Tips on getting spine-nourishing and pain free sleep!
We spend around 7-8 hours in our sleeping position each night, so it is no wonder our pillows impact on how we feel when we wake up. Using the wrong pillow can quite literally be a pain in the neck. Selecting the right pillow ensures a restful and recuperative sleep that promotes decompression and relaxation for your cervical spine (neck) after it has been fighting against gravity all day!
We know that a neutral spine looks different on everyone, and therefore there is no “one-size-fits-all” deal when it comes to pillows. We will leave you with some simple guidelines for selecting a pillow who’s size, shape and material is best suited to you.
Size matters when it comes to pillows. A pillow that is too thick or too thin will cause areas of compression and excessive stretch, which result in neck discomfort. It is ideal to find a pillow that encourages a neutral position, meaning your head and neck remain level with the rest of your spine.
The shape of your pillow has a large influence on the posture of your head and neck. The common “D” shaped pillow has a high centre an very thin edges. This shape has a tendency to lack support for the neck and lift the head too high. On the other hand, contour shaped pillows have a gentle “B” shape. The centre is slightly depressed to cradle your head, while the upper and lower borders are built higher to support your neck. This shape supports the natural spine position most effectively.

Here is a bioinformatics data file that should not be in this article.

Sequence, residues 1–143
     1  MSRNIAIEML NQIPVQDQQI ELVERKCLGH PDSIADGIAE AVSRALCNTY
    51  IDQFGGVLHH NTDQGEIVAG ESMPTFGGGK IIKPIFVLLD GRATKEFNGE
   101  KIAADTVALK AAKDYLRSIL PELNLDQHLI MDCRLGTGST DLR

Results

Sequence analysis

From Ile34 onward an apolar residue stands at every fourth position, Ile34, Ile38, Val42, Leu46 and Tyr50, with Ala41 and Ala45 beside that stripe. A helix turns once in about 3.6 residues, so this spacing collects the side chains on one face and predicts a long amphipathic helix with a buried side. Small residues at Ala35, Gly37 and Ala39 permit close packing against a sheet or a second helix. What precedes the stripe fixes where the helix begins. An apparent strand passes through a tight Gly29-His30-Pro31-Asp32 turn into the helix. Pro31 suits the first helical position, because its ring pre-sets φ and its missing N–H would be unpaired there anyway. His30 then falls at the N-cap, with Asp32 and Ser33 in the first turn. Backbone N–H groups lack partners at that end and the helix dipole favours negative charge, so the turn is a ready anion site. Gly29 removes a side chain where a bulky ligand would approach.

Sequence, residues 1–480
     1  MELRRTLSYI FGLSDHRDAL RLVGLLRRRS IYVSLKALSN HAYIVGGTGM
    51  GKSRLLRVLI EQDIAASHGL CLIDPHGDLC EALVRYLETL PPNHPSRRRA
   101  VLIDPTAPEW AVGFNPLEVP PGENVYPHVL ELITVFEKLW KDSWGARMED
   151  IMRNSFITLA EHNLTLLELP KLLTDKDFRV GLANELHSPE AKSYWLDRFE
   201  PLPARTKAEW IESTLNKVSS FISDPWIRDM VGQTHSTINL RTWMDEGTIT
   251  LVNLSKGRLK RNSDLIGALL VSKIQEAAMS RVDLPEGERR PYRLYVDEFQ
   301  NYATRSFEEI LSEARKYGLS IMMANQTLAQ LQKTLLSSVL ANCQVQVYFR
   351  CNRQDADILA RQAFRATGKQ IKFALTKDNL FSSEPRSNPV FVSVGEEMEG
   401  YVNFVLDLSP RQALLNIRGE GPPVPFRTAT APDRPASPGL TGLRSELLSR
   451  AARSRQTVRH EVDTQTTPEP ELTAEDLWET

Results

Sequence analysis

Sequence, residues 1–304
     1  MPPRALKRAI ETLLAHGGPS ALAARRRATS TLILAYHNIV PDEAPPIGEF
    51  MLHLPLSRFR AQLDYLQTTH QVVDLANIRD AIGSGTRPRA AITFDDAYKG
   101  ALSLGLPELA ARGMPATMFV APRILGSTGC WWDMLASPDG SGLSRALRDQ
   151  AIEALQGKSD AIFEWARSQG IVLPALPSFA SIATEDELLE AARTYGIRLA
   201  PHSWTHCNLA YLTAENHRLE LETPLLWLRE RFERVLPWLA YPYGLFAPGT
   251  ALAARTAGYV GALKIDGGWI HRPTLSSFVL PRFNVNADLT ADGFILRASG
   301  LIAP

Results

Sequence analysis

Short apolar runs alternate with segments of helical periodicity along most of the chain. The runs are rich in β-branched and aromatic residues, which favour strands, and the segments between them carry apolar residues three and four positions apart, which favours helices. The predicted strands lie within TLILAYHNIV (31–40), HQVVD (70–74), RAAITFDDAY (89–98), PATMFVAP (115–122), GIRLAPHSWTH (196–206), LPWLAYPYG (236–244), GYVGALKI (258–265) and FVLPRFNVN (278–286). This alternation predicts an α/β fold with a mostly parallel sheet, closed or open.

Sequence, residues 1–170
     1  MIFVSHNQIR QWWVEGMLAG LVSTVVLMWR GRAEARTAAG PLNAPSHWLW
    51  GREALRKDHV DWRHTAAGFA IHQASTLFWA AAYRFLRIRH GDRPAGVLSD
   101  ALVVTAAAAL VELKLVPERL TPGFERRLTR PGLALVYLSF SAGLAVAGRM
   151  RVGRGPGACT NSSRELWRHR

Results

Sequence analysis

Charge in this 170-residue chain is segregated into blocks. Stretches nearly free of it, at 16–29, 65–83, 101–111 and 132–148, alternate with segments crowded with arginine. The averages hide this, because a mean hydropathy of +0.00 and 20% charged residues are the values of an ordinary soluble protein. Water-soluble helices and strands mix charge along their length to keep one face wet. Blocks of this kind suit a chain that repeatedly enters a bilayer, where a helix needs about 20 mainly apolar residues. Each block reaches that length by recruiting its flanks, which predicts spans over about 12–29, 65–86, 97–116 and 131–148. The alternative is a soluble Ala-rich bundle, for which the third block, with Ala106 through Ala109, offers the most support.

The material of your pillow will determine how well it supports the weight of our head. On average the human head weighs around 5kg, or 8% of your body weight. A low-density or easily “squish-able” material, will be easily flattened by the weight of your head. A more dense material like memory-foam will hold up your head’s weight while remaining comfortable.
Water-based pillows are another option, these consist of a cushioning material layered over a water-bladder. The bladder comes empty, allowing you to fill it to the level of support that you need. Water will mould to the shape of your head without loosing support for your neck.
Lastly, we can’t talk about pillows without also mentioning sleeping position. Advice on which sleeping position is best varies, however health professionals do agree that stomach sleeping should be avoided. When lying on your front it is necessary to twist your neck into positions which place stress on your neck.
Both side and back sleeping allow neutral spine positions, and each position is beneficial for its own reasons. Your ideal pillow will depend on which position you prefer. A side-sleeper will generally require a larger neck support region, depending on your shoulder width. A back-sleeper may prefer a pillow with less height, but a relatively firm centre to prevent their head tilting back too far.
The key take away:
You want your pillow to fit to your neutral spine position. A pillow that does this will support the weight of your skull, preserve your neck’s natural curve and take pressure off your cervical spine. My final tip is to look for pillows that are customisable (ie: removable foam sections or self-fill water bladders), this will allow unique support as you can adjust it to your own comfort needs!